You Can Shut Your Ears, Can’t You?
There’s a restaurant that sporadically hosts all types of bands. It’s a distance away that only sometimes it is within earshot of where I live. On Friday night, I was getting situated. I made a cup of pu’er. I placed two recently-read books beside a stack of notecards and two Paper Mate Flair Felts. I scooted my chair into a nook between two bookshelves and as I took the cap off the Flair Felt, some kind of progressive avant-garde screamo band erupted within earshot. One of my dogs took off barking then launched himself at the front door where he howled at the ceiling, seemingly wanting to keep the intruders out but confused as to where they were coming from (they were 180° the opposite direction). The other dog shimmied under the bed where she barked here and there, seemingly wanting to be supportive but with caution. As I calmed the watchdog, I imagined a phone call and how a request to lower the volume a few notches would be received. Then the following came to mind. Apparently, Eric Larson writes in The Splendid and the Vile, Winston Churchill hated the sound of whistling. His police guardian, Detective Inspector Walter Henry Thompson, said, “It sets up an almost psychiatric disturbance in him—immense, immediate, and irrational.” Churchill and Thompson were once walking to 10 Downing Street. A young newsboy was coming towards them, “hands in pockets, newspapers under his arms, whistling loudly and cheerfully,” Thompson recalled. Churchill couldn’t contain his anger and snapped at the boy, “Stop that whistling!” The boy countered, “Why should I?” “Because I don’t like it and it’s a horrible noise.” “Well, you can shut your ears, can’t you?” The two parties kept walking. “Churchill was for the moment stunned. Anger flushed his face,” Larson writes. “But one of Churchill’s great strengths was perspective, which gave him the ability to place discrete events into boxes, so that bad humor could in a heartbeat turn to mirth.” Thompson would recall that a smile slowly started to form on Churchill then he said to himself but loud enough that Thompson heard it, “You can shut your ears, can’t you?” Then, Churchill laughed out loud. And so I put on my Sony MDR7506’s, which boast an “outstanding reduction of external noises,” and returned to my note taking station.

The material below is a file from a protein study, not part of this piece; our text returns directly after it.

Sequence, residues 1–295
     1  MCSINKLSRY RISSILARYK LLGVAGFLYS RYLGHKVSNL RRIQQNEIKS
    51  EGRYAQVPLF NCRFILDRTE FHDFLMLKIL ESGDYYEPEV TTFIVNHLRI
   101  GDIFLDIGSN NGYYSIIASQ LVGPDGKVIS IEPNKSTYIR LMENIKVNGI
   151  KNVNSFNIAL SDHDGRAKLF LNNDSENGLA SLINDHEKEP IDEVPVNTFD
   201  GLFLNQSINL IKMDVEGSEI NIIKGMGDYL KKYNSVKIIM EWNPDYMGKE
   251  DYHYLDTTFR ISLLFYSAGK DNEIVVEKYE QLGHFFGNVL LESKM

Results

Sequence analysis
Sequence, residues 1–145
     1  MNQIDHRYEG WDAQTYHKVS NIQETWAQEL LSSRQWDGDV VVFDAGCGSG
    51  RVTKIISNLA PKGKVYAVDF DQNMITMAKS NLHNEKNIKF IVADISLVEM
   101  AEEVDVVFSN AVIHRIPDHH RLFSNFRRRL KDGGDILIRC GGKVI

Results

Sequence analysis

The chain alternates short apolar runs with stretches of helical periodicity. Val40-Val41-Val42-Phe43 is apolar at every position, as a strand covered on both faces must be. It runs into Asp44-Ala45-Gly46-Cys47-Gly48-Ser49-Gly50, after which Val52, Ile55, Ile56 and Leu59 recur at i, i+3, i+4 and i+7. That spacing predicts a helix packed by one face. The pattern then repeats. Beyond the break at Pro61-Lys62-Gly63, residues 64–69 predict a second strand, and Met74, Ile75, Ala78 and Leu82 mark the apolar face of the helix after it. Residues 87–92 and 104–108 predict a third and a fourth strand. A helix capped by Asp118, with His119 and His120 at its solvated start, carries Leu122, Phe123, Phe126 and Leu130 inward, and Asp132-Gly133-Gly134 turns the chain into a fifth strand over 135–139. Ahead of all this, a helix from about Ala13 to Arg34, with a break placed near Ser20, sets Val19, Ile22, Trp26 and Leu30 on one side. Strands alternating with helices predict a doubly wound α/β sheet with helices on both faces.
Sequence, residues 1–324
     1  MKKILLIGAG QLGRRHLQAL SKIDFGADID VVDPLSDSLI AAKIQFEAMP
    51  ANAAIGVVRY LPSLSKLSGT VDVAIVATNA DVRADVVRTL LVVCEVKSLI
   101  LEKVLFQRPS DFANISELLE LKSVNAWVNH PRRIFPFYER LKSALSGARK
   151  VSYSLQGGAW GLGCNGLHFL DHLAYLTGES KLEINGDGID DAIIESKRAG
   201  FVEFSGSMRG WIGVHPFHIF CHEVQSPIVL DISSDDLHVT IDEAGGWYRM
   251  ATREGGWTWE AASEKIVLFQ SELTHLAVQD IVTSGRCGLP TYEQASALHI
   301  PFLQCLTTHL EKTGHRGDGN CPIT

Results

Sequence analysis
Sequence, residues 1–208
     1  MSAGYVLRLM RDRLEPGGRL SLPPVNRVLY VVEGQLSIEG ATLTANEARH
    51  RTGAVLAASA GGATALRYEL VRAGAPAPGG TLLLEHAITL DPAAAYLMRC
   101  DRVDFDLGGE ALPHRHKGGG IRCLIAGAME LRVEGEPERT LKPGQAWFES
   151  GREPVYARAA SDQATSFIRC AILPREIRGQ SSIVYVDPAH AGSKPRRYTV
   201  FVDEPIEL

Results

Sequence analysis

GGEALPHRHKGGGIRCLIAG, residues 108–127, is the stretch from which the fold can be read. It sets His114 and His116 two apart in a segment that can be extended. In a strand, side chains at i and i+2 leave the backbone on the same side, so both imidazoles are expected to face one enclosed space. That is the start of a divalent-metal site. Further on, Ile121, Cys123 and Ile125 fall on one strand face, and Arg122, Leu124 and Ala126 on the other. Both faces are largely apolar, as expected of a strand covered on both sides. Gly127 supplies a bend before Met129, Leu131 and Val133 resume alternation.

What Sushi (Should Have) Taught Us